Searching over 5,500,000 cases.

Buy This Entire Record For $7.95

Official citation and/or docket number and footnotes (if any) for this case available with purchase.

Learn more about what you receive with purchase of this case.

Dharuba Kalahari v. Department of Corrections


August 22, 2011


On appeal from the Department of Corrections.

Per curiam.


Submitted August 16, 2011

Before Judges Waugh and Koblitz.

Appellant Dharuba Kalahari appeals the final administrative decision of the Department of Corrections (DOC) confiscating certain property belonging to him. We dismiss the appeal as moot.

We discern the following facts and procedural history from the record on appeal.

Kalahari is an inmate at South Woods State Prison (SWSP) in Bridgeton. Kalahari was transferred from New Jersey State Prison in Trenton to SWSP in October 2009. In conformity with DOC's usual procedure, his property was transferred separately. Kalahari reported to the SWSP property officer on October 19 to collect his belongings. He was informed that certain items would not be turned over to him because they were not permitted at SWSP. The items at issue in this appeal are a calculator, approximately fifteen books, and two disposable razors, also referred to as "long razors" in the record.

Although Kalahari asserts that he informed the property officer that he wished to appeal the decision, he also signed a document stating that the items would be picked up, presumably by a friend or relative, during the next visit. On October 20, Kalahari executed an Inmate Remedy System Form (IRSF) appealing the seizure of those items. Shortly thereafter, he was told that he had submitted an incorrect form, and that he needed to submit a form for lost or destroyed property. He submitted another IRSF, reiterating that he was seeking an administrative review of the withholding of the items. He was again advised to submit the lost or destroyed property form. We note that both IRSFs quite clearly stated that Kalahari was seeking an administrative review of the decision that he could not possess the items at SWSP, rather than making a claim for lost or destroyed property.

Kalahari appealed on November 20, 2009. SWSP destroyed the property at issue on February 17, 2010. On March 25, DOC filed a motion for a temporary remand, which we granted on April 22. On May 28, the administrator of SWSP issued the following "decision" in response to the remand:

You were advised that specific property transferred to South Woods State Prison was not authorized for retention in accordance with SWSP Internal Management Procedures. You signed a document on October 19, 2009 advising you of this at which time you elected to have this property picked up on a visit. This property was never picked up on a visit and you were sent a second and last notice of non-permitted property on January 5, 2010 to elect a method of disposition of this unauthorized property. This notice further informed you that if you did not comply by February 5, 2010, this property would be disposed of by the mailroom. You never responded to this notice and the property was disposed of on February 17, 2010.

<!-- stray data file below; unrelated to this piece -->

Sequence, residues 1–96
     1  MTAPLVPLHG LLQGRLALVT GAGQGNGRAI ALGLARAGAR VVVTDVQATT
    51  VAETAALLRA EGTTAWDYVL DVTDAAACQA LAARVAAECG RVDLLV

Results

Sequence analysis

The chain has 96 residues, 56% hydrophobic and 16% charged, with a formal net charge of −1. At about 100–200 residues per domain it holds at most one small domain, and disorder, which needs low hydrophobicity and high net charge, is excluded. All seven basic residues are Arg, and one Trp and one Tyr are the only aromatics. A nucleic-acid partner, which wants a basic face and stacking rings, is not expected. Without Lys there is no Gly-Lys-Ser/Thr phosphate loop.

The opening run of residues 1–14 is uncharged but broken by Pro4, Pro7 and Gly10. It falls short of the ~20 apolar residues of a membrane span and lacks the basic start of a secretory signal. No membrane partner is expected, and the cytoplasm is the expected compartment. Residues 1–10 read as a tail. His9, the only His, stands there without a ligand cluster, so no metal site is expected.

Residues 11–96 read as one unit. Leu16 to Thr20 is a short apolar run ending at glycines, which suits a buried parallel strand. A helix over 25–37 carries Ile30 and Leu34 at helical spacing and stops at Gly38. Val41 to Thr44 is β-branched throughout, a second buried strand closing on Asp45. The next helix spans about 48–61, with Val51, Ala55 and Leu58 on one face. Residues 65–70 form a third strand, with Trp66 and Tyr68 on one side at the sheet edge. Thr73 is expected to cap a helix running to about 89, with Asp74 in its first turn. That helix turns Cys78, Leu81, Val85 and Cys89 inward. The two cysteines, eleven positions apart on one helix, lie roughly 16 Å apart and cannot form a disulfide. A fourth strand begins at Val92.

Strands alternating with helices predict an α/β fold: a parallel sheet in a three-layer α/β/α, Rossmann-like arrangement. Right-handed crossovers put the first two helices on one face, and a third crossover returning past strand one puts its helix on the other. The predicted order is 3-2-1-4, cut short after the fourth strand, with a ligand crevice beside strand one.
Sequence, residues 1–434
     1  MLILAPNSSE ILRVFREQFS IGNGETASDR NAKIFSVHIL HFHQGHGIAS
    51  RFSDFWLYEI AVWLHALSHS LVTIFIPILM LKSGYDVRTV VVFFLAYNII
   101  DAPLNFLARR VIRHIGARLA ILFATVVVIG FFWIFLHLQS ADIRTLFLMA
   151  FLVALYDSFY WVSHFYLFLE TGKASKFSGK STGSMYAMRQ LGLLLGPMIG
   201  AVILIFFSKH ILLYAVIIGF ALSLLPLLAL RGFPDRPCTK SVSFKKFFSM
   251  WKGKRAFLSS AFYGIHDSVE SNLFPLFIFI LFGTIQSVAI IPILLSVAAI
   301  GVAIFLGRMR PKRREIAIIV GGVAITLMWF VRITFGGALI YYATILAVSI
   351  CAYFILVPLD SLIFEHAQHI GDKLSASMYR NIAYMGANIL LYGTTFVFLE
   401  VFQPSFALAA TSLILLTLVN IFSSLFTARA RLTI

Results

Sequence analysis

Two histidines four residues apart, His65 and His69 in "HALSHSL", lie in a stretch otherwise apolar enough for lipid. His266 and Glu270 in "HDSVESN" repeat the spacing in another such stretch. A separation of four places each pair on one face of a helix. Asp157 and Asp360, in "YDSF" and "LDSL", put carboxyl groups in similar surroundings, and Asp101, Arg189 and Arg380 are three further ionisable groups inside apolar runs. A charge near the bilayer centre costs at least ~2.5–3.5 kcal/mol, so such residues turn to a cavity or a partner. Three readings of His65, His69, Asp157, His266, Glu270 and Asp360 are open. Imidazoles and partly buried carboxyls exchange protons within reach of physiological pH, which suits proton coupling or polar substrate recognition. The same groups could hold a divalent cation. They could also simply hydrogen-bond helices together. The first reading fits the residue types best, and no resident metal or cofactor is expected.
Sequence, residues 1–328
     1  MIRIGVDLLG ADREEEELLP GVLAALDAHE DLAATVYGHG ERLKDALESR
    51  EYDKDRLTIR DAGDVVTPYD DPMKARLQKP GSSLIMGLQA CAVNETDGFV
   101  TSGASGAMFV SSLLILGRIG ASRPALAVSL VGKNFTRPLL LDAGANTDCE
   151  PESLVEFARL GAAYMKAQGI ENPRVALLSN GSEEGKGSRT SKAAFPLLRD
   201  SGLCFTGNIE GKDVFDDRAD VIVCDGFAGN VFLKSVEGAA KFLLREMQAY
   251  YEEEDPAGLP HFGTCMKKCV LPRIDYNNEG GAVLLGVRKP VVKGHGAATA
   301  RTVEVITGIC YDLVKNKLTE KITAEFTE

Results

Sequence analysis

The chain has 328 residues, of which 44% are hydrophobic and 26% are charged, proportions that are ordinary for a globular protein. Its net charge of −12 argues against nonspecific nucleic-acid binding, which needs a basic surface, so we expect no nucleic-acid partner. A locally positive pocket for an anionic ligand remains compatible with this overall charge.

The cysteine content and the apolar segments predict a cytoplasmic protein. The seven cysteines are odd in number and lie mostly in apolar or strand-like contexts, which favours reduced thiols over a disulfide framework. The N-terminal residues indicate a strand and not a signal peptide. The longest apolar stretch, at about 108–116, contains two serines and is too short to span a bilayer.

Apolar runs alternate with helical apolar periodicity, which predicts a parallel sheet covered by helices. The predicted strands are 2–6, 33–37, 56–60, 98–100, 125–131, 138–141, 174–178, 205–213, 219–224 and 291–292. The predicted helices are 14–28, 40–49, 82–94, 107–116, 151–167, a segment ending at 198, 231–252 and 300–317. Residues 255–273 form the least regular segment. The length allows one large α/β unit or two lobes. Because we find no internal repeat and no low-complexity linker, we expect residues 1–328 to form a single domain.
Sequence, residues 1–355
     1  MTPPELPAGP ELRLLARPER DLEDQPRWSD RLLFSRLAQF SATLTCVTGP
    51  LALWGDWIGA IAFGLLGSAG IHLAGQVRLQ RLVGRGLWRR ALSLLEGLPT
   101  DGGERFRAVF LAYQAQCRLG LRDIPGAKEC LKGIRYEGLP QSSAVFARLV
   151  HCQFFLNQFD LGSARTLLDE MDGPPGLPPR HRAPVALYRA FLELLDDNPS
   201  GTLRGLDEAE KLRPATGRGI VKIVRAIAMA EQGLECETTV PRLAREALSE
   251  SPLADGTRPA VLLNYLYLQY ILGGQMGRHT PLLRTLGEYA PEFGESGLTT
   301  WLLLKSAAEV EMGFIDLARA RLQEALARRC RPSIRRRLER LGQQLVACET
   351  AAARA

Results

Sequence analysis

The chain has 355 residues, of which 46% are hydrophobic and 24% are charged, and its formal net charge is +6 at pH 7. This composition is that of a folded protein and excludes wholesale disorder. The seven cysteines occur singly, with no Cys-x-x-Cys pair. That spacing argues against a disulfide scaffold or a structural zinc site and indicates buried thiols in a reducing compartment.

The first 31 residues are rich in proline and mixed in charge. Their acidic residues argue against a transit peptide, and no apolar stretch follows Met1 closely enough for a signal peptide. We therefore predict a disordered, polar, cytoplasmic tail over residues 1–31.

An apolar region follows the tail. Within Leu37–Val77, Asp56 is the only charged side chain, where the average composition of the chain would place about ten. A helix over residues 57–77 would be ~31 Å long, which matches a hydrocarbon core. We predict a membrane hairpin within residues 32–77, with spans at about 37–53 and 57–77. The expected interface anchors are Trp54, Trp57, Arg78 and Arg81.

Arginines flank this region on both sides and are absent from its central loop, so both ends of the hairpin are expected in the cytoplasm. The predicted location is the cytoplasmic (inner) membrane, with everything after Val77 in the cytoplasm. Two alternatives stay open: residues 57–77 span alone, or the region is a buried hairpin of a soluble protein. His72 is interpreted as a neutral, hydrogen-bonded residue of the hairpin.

All actions regarding this unauthorized property were conducted in accordance with N.J.A.C. 10, NJ DOC Policy, and SWSP Internal Management Procedures. Additionally, this information was provided to you in your SWSP Inmate Handbook.

We note that the form signed by Kalahari with respect to the items seized does not offer an option of appealing the decision to confiscate the items, and that the January 5 form notifying him of the destruction date refers to a "tote" rather than the items listed on the form signed by Kalahari. The fact that the property had already been destroyed was apparently not disclosed to Kalahari in DOC's motion for a remand.

Following the remand, Kalahari supplemented his papers and DOC filed its appellate brief. Because the property at issue has been destroyed, we cannot afford any relief to Kalahari if we were to determine that SWSP acted improperly with respect to the seizure. Consequently, we must dismiss the appeal as moot. Generally, "courts should not decide cases where a judgment cannot grant relief." Marjarum v. Twp. of Hamilton, 336 N.J. Super. 85, 92 (App Div. 2000). However, our dismissal is without prejudice to Kalahari raising the issue in an appropriate forum.



© 1992-2011 VersusLaw Inc.

Buy This Entire Record For $7.95

Official citation and/or docket number and footnotes (if any) for this case available with purchase.

Learn more about what you receive with purchase of this case.